Budget 2018: Tech giants face digital services tax

Technology giants will be forced to pay tax on the sales they generate in the UK, under new plans announced in the Budget.

Chancellor Philip Hammond plans to introduce a digital services tax from April 2020 following a consultation.

He said “established tech giants” will be targeted rather than start-ups.

Companies such as Amazon and Facebook have been criticised for the small amount of tax they pay on profits made in the UK.

Both the 36-member OECD and the European Commission have been trying to reach a consensus on imposing a digital tax on social media platforms, internet marketplaces and search engines.

However, Mr Hammond said that progress was “painfully slow”.

He said: “It is clearly not sustainable or fair that digital platform businesses can generate substantial value in the UK without playing tax here.”

Mr Hammond said the tax would only be paid by digital services companies that are profitable and generate “at least £500m a year in global revenue”.

But Dan Neidle, a tax partner at law firm Clifford Chance warned that the move could risk provoking the ire of the US government.

“Given the dominance of the US tech giants, it is hard to see the Trump administration taking kindly to the digital sales tax as the UK sets out its stall for the best possible trade deal with the US,” he said.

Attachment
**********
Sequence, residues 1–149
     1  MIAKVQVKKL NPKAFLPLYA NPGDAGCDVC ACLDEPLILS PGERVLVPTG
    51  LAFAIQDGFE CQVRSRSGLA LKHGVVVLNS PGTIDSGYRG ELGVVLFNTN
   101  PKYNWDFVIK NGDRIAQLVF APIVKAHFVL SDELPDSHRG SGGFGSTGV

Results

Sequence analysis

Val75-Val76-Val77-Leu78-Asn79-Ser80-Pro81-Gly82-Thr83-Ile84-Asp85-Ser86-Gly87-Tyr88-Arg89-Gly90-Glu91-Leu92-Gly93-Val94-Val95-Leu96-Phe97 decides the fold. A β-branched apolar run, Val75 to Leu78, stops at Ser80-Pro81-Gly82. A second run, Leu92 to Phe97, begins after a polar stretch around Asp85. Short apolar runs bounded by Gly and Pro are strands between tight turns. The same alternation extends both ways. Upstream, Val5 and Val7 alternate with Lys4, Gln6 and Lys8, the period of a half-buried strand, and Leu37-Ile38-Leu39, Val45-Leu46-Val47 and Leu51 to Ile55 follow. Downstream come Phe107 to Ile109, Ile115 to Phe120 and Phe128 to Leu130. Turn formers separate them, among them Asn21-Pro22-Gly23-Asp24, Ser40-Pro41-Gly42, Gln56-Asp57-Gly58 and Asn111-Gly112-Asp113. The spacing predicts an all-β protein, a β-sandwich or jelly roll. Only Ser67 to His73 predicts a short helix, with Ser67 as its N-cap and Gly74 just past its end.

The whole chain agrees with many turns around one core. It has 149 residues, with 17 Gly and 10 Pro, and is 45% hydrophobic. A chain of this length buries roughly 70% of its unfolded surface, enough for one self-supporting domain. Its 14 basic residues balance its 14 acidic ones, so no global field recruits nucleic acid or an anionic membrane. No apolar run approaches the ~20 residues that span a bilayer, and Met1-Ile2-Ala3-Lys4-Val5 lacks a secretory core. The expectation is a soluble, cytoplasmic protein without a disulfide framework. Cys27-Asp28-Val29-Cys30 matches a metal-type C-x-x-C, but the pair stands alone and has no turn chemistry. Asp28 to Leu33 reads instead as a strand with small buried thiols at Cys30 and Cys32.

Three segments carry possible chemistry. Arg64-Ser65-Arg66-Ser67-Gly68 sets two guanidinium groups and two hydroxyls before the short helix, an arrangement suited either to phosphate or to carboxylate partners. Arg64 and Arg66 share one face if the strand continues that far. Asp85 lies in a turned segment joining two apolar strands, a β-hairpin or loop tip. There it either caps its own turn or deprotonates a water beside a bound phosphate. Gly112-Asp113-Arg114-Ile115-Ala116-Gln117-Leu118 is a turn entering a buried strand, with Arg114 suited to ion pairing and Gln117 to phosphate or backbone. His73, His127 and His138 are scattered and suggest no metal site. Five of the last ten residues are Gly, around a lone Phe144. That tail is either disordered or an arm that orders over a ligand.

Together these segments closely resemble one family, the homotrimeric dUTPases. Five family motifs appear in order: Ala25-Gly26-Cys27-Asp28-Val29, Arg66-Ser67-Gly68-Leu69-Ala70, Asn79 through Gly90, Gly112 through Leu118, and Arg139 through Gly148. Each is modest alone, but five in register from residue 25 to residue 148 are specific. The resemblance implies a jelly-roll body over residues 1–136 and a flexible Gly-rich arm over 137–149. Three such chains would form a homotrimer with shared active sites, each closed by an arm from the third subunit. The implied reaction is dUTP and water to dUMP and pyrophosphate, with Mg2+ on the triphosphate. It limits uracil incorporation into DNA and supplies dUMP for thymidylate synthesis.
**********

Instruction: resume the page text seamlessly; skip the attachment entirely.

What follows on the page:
However, a UK digital services tax may be a temporary measure.

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Amazon’s UK paid £1.7m in taxes last year despite profits almost trebling to £72.3m

The Treasury said earlier this year that a levy on digital companies’ UK sales would be implemented until an international deal could be reached.

The OECD intends to provide an update on its plans in 2019 with the aim of producing a final report the following year.

The UK’s rate 2% digital services tax – which it estimates will raise £440m a year – would also be below the 3% rate Europe hopes to introduce.

But Chris Sanger, head of tax policy at accountancy firm EY says that Mr Hammond has committed to reviewing the UK digital services tax in 2025, “clearly indicating that he thinks that it may take quite a while for the OECD to gain any consensus on the international stage”.

Amazon declined to comment.